Bypass Road review: Neil Nitin Mukesh’s debut as a producer, screenwriter only leads to a dead end

And younger brother Naman’s directorial debut is nothing short of a disaster

Rating: 1 /5

By Mayur Lookhar

One hates to keep harping on nepotism, but each time Bollywood throws up a disaster, then the ‘bhaichara’ (brotherhood), ‘parivaarwad’ (nepotism) associated with that film inevitably comes into question.  Early this year, Sunny Deol copped much criticism for launching his incompetent son Karan with Pal Pal Dil Ke Pass (2019).  We now have another bhaichara show this Friday with Neil Nitin Mukesh and his younger brother Naman collaborating to give the murder mystery Bypass Road.

It’s a first foray into direction for Naman, while older brother Neil gets a taste of what is it like to produce, pen a story, screenplay and dialogues.  We are not surprised as to Neil playing the lead too.  How have the siblings fared? That comes later but first let’s give you a gist of the story.

The plot revolves around the uber rich Kapoor family. The Kapoors work in the city but have chosen the coastal town of Alibaug for their sprawling residence.   Ace fashion designer Vikram Kapoor’s (Neil Nitin Mukesh) accident and his company super model Sarah Braganza’s {Shama Sikander) alleged suicide in the same hour can’t just be coincidental.  The needle of suspicion falls onto a jilted lover Jimmy (Taher Shabbir), a disgraced former employee Narang (Sudanshu Pandey) and a step mother Romila (Gul Panag).  When did step-mothers ever play noble souls in Bollywood?

They have money, power but the father Pratap Kapoor [Rajit Kapoor] is worried that perhaps the family is deep in trouble.  This whodunnit saga is nothing but another case of old wine in a new bottle.  In the 90s, a similar [rip off] tale helped change the career of a current superstar.  Neil simply adds a few different shades to his character than the one played by the superstar.

Resorting to a familiar story is fine, but what’s seriously lacking is a strong screenplay and efficient writing.  Another case of an actor over estimating his abilities.  The rushed writing, poorly constructed scenes feel like craters not potholes on this Bypass Road. It’s made all the more insufferable by embarrassing performances.  It’s only Rajit Kapoor and Neil Nitin Mukesh who briefly play true to their potential. The rest are simply pedestrian.  Gul Panag, Shama Sikander, Sudanshu Pandey, Manish Chaudhari (cop Roy), Taher Shabbir  all are vying for the worst performer of the year.  And there’s a little cameo from a nauseating TV journalist too. The jury of Golden Kela [India’s Razzies] will be thrilled to find five worthy contenders in just one film.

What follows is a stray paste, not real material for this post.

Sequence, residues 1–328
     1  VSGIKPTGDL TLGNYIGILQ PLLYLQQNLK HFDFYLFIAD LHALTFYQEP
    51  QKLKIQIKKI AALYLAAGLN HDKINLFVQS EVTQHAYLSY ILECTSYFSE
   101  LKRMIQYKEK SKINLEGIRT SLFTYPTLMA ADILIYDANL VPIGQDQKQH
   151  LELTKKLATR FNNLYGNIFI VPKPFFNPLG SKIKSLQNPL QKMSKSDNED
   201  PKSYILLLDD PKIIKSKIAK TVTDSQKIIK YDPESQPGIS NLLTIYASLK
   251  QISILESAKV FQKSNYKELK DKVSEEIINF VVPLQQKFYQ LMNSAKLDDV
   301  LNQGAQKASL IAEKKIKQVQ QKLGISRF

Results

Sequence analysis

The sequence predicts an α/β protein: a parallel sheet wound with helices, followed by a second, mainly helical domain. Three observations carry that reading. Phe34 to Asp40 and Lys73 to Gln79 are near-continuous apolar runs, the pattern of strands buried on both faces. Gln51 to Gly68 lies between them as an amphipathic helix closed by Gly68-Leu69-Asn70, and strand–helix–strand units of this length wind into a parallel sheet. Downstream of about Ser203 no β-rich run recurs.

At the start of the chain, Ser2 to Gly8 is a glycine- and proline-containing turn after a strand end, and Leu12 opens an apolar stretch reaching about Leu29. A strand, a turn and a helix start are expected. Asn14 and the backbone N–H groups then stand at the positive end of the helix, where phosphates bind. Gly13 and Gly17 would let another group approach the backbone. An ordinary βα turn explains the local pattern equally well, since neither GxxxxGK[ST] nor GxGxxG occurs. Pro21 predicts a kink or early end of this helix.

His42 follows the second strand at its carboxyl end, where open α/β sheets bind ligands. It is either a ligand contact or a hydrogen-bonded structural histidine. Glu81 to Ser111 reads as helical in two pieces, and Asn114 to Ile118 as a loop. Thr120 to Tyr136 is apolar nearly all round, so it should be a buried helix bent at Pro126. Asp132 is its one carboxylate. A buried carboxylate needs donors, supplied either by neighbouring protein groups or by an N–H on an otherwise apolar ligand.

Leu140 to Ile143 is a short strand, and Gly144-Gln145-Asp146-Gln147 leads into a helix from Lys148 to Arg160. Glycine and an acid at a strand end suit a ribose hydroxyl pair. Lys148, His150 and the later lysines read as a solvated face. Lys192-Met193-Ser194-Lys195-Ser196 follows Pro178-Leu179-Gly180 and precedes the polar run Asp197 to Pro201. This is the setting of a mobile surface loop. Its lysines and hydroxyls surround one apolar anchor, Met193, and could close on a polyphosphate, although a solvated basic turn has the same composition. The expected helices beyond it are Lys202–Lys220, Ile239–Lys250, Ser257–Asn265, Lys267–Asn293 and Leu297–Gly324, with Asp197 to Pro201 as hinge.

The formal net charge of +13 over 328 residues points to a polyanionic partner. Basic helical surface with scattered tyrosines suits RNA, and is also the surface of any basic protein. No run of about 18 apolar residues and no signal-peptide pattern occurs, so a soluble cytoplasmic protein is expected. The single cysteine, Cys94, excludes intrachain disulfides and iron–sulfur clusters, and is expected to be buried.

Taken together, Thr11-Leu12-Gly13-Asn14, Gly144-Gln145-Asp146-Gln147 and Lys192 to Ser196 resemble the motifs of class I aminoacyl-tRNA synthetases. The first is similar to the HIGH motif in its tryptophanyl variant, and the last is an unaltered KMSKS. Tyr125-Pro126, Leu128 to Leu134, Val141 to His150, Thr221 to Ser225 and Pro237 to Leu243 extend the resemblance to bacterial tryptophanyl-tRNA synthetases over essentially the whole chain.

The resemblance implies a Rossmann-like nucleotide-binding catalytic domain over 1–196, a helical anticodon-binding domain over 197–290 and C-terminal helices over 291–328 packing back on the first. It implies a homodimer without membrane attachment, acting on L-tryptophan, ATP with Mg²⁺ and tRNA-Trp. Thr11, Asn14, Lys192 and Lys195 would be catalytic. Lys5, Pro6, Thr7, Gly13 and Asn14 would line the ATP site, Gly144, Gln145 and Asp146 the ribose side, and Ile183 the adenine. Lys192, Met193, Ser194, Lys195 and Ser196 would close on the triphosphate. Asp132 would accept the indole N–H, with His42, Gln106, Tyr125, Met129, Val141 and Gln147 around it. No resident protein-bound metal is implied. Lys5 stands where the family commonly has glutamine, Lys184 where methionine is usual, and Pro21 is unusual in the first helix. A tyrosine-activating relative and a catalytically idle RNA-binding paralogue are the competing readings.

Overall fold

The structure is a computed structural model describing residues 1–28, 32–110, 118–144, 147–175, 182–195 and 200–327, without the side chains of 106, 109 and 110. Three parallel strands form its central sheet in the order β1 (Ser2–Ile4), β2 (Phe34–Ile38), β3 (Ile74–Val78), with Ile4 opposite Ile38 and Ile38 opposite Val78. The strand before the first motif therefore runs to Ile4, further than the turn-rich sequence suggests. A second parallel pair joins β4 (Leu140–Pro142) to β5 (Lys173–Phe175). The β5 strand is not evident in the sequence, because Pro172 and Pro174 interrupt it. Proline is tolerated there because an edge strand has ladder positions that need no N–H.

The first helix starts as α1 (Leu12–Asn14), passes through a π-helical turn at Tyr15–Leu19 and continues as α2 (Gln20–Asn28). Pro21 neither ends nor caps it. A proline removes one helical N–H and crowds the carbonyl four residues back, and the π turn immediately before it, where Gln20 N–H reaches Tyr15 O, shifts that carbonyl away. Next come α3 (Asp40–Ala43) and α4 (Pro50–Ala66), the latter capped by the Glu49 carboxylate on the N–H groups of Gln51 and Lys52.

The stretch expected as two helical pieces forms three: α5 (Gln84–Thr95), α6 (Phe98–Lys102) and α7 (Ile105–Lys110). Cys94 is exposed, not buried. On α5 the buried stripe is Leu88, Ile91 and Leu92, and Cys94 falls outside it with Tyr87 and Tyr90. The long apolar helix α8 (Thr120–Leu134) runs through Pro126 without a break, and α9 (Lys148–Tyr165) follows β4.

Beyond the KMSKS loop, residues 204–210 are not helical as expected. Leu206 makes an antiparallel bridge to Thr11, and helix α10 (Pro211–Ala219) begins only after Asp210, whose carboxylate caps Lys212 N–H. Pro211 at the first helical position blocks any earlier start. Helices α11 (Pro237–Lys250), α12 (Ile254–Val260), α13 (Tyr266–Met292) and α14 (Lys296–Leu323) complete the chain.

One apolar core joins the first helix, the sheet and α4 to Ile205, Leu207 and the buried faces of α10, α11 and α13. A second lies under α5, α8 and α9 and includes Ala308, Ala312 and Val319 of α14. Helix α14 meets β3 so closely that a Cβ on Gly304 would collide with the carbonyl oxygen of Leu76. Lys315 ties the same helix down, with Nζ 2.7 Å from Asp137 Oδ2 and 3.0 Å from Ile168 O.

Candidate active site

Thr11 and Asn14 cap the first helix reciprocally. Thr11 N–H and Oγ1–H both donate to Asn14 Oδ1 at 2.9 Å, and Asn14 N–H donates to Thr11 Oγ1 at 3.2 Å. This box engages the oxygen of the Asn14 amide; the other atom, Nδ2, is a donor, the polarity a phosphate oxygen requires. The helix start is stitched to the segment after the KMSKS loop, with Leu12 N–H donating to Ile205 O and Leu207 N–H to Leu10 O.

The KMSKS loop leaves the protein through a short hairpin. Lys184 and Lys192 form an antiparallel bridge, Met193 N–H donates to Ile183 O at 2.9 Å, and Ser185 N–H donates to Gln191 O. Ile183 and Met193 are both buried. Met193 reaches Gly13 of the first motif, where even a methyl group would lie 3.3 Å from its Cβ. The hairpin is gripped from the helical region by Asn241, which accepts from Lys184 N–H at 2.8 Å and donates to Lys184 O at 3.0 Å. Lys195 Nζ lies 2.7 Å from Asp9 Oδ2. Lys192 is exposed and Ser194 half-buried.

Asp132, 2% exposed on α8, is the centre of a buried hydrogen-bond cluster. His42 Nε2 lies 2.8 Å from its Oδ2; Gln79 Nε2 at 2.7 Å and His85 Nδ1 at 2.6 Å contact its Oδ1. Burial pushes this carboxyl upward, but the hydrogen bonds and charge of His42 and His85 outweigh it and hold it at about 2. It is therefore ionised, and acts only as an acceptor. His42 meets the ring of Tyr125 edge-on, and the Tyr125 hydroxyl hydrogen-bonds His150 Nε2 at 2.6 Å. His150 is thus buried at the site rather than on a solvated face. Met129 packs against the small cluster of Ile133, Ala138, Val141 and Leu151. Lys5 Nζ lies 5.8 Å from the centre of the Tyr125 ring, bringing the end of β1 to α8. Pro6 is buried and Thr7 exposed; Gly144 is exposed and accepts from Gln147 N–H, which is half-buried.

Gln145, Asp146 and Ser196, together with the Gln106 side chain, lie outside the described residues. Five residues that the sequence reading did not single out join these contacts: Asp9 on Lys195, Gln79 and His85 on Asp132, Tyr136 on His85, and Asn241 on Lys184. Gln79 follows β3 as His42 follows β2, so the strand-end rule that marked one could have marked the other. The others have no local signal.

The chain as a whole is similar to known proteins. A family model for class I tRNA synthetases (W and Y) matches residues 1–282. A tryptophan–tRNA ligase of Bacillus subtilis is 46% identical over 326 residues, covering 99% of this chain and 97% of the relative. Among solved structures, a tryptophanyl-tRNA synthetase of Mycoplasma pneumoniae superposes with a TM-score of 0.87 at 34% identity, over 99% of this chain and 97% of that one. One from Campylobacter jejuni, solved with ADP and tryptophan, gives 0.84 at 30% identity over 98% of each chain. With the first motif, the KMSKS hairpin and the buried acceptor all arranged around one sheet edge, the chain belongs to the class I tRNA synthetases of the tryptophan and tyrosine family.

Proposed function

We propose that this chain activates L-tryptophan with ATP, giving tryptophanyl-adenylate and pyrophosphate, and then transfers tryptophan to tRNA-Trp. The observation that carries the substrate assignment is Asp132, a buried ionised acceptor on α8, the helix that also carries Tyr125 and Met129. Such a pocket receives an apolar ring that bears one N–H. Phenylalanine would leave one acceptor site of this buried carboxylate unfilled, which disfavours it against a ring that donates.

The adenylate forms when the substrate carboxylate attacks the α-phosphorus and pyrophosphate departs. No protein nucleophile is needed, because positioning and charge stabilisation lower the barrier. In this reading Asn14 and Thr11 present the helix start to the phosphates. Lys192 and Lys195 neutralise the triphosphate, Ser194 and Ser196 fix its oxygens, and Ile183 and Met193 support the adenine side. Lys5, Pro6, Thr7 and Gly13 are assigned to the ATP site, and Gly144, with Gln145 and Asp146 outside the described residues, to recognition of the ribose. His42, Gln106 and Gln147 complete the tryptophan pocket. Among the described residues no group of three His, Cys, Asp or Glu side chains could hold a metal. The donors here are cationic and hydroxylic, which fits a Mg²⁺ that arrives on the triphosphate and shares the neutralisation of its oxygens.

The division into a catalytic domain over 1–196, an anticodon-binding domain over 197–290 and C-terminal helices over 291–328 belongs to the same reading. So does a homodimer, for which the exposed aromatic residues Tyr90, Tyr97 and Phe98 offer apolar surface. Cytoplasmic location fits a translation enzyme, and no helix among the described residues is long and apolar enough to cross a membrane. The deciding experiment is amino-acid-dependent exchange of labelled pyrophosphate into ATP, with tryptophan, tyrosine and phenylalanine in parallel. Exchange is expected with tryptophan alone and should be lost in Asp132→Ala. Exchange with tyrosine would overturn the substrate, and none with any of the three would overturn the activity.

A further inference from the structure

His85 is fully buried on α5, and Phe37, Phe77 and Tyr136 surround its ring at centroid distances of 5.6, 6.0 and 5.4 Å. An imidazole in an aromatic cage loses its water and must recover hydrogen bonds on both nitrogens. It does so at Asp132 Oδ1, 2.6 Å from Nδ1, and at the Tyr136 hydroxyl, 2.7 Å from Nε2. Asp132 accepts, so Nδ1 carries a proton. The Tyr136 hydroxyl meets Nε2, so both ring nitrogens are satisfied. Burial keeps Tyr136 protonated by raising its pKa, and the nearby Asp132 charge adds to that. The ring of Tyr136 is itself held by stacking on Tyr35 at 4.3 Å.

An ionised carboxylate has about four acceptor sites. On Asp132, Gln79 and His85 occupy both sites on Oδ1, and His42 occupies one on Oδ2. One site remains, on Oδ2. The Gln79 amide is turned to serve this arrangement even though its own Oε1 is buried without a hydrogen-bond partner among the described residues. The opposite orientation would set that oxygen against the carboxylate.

His haters are many and one is also suspicious of Vikram’s new girl friend Radhika’s [Adah Sharma] conduct. Sharma’s simply wasted in a poor film.  

One has to feel sorry for seasoned actor Mukesh Bhatt who is used like a slave by the Kapoors.  The heartless rich expect him to be at their service at the clinch of a finger. In a bizarre scene,  Vikram lashes out at his step mother and slams a photo frame to the ground.  Romila hurts her finger. Pratap steps in, immediately calls out Kaka (Bhatt) to clean the mess, then orders him to bring medical aid and in the next sentence he’s told to ready the food.   In another scene, he’s helping the now handicapped Vikram get bath before he’s called by Romila to make tea.  The poor man is running from pillar to post.  It is surprising that despite serving the Kapoors for decades, Kaka hasn’t gone nuts in this oppressive environment.

In a murder mystery, it’s always the key action, thrill sequences that need to stand out. There is a near 15-minute thrill sequence where Vikram is outsmarting the masked killer in his house. No dialogue here. However, the poorly action choreography reduces it to a joke. Burn him, hang him by a cloth, run him down by a car, and yet the masked killer stands back on his feet.  

The background music is no great and neither is the music.  Neil’s father Nitin Mukesh may not be too proud of the poor remake of his classic song So Gaya Yeh Jahan from Tezaab (1988).  

Perhaps the only appealing thing about Bypass Road is the picturesque meadows of Alibaug and the swanky Kapoor residence.  Production designer Jayshree Laxmi Narayan has earned her every rupee here. One wishes though that Neil had also made the right creative investment. 

Upon his return to home after the long hospitalisation, the wheelchair bound Vikram doesn’t need any sympathy. He argues with his girl friend telling her to leave him alone. “Mazaak toh main mera ban gaya han duniya ke saamne” [I have been reduced to a joke in front of the world], Vikram tells Radhika. Well, there is increasing danger of this film reducing the brothers to a joke.

After a promising start with Johnny Gaddaar (2007), Neil Nitin Mukesh has only flattered to deceive. In the past, the blame game would have been pointed towards those filmmakers, producers. Bypass Road though is a home production.  The blame for this Bypass Road blunder squarely lies at the Neil and Naman Nitin Mukesh door step. This Bypass Road can be easily avoided.

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